*For those who don’t use that quote in their families like we do, it’s from The Brady Brunch, used by middle child Jan when exasperated about older sister Marcia’s perfection. Funny.

Thank you for the interest in my denim pinafore. It’s now available on the Children’s Clothing page.

Enjoy your weekend. I’m going to.

PS. I may or may not have eaten a whole Red Tulip elegant rabbit before breakfast on Easter Sunday. I have started a post-Easter fitness campaign. You make the call.

PSS. Just to make me feel better, anyone else hearing me about the school holidays thing?

PSSS. I bet Lynne Truss doesn’t do the multiple Post Scriptum thing.

5 thoughts on “School holiday highs and lows

  1. Ah golly you make me giggle!

    My children are a wee bit older (ok rather a lot!) so its a little easier ( I promise it gets easier!), but yesterday I did have the temptation to repeatedly headbutt the wall….
    8 year olds talk.so.bloody.much.please.make.it.stoooooooooop!!…..

    Soon enough Monday will come along, and with it the 6 am alarm, 7:30am bus run, 7:50am hot milos, 8:20am OMG why haven’t you got dressed yets, 8:40am last minute signing of notes and 9:05am coffee in the garden with the dog 😀

    😀 Jacq

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    1. Oh yes, it’s a bit like Ground Hog Dad in the mornings, isn’t it.

      Your comment made me laugh. I would like to be a fly on the wall at your place in the morning to see someone else doing the ‘OMG aren’t you dressed yet?’, but then I’d fly down for the coffee in the garden with the you and the dog.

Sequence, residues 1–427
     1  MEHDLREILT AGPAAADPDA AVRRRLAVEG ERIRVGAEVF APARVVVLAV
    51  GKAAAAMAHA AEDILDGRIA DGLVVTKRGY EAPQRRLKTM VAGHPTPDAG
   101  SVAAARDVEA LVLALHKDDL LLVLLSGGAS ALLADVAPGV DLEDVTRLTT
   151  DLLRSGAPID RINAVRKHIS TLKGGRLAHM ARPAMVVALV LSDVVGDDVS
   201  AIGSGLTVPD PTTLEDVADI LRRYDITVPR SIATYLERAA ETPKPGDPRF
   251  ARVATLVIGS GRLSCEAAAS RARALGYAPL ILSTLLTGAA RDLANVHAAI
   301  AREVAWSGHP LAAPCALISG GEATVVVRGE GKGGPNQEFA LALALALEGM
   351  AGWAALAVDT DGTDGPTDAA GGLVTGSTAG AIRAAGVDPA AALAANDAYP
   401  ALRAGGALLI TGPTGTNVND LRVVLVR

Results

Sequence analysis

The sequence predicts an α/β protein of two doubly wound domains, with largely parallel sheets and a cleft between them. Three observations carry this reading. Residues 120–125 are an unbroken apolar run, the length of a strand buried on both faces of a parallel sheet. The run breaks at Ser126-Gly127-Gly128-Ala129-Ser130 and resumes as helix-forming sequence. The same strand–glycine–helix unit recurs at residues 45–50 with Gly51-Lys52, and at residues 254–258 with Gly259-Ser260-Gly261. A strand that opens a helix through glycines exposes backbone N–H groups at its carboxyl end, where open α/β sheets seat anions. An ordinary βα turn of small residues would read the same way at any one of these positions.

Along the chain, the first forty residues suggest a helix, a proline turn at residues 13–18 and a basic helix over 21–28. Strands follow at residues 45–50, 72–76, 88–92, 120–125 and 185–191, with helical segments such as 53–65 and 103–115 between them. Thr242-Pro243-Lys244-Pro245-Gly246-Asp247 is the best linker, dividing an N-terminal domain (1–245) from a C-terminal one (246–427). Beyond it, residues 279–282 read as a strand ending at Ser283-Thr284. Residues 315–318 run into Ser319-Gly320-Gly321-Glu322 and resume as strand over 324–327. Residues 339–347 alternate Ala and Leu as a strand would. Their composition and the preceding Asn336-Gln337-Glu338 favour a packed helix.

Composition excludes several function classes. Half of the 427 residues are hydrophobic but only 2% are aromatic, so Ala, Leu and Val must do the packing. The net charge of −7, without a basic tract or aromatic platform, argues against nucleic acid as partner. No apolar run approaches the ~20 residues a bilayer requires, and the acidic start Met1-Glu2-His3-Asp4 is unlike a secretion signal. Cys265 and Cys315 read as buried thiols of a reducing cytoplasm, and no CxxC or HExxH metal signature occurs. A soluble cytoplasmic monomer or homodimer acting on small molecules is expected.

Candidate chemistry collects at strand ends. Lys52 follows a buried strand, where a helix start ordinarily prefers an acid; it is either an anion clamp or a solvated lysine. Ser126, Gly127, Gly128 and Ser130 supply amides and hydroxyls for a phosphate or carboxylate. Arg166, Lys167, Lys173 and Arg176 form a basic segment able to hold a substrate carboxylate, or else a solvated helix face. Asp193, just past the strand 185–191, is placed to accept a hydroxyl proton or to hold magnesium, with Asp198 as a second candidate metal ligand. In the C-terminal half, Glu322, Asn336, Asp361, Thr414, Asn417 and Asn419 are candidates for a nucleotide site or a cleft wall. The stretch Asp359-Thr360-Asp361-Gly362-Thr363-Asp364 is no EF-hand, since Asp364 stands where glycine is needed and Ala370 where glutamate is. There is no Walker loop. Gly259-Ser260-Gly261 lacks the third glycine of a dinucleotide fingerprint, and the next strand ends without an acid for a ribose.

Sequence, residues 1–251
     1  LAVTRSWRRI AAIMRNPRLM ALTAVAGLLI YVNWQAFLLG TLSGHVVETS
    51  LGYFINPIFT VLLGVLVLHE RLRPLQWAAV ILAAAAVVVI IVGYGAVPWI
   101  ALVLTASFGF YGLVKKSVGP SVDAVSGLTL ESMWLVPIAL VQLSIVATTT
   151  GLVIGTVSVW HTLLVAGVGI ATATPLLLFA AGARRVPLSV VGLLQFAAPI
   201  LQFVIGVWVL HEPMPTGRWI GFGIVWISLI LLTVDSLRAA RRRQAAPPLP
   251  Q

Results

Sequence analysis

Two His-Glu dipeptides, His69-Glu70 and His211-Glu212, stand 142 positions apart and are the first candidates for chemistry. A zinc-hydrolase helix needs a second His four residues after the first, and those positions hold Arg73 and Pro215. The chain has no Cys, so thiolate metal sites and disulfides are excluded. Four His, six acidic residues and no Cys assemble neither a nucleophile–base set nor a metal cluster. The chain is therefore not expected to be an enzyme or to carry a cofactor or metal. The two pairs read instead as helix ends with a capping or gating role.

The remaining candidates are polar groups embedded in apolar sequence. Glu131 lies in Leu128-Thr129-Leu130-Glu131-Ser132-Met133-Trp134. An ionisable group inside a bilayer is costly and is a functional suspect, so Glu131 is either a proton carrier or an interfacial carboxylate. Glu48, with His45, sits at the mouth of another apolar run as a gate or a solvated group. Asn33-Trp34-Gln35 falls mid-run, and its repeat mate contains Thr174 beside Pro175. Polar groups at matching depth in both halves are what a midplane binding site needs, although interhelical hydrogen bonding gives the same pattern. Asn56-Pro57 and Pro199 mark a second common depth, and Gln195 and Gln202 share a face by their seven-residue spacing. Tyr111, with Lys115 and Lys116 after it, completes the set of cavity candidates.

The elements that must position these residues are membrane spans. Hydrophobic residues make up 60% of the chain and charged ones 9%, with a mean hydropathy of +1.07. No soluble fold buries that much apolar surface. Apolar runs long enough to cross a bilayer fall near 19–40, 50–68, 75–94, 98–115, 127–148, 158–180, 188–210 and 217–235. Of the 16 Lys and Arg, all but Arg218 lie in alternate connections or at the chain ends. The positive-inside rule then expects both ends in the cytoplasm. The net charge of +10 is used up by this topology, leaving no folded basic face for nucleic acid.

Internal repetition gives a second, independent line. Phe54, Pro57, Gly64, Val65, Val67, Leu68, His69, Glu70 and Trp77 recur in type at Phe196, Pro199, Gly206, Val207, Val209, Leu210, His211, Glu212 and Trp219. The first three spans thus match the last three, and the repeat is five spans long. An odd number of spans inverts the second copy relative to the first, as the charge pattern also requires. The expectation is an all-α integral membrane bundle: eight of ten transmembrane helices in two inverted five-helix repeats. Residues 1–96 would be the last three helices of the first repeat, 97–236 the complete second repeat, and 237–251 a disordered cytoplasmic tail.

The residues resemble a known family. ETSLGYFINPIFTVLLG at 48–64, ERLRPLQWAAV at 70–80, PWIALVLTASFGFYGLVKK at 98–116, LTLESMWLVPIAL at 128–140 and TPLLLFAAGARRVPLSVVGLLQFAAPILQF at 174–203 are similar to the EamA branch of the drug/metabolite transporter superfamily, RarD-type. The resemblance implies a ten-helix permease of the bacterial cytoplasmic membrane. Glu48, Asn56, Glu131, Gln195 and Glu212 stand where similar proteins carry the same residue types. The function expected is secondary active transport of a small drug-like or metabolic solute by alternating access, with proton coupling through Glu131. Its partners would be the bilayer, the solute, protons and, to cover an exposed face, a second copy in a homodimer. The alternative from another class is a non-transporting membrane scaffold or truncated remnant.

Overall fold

I tried to calm myself one morning last term with a cup of tea during the morning rush. But Anthony mistakingly drank it and left me his (different milk type). I pushed my luck not to miss the bus and made another, planning on walking over to the bus with it. When we got outside it was cold and I ran back inside to get Elsie’s school jumper. When I returned to the girls waiting on the deck, the cat was lapping at my cup of tea where I’d left it on the outdoor table.

      Simple pleasures were hard to find that morning. A cup of tea in the garden after the bus left would have been easier.

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      1. I would often find my cold, very full cup of coffee on the bench after the rush is done….now I just wait!

        A cat that drinks tea? thats a new one!

        only about 15 years more of school left (for you) and 9 for me (except I have already done 8) I refuse to think about how many school lunches that is…

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  2. Tell it like it is sister!!!! I am certain EVERY parent of school age children can relate. I LOVE school holidays – a break from routine/homework/school lunches/P&C meetings/phone calls from the school explaining that your child has yet another “inschool” suspension for playground fighting!! But then the sibling whinging/nagging/annoying each other sets in and for those fortunate enough to have family and friends willing to take on sleep over favours will be called upon. Just you wait for the 6 week Christmas holidays!!!
    Love reading your blogs – keep them coming – once a week would keep me happy. More frequent would keep me happier!!!
    Christine

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    1. Thanks Christine! Oh yes, more frequent blogging would make me happier too. I’ll see what I can do. Why do we feel guilty for taking the leisure time to do something we love doing?

      Hope your mornings this week have gone smoothly and you’ve got something in the fridge for school lunches!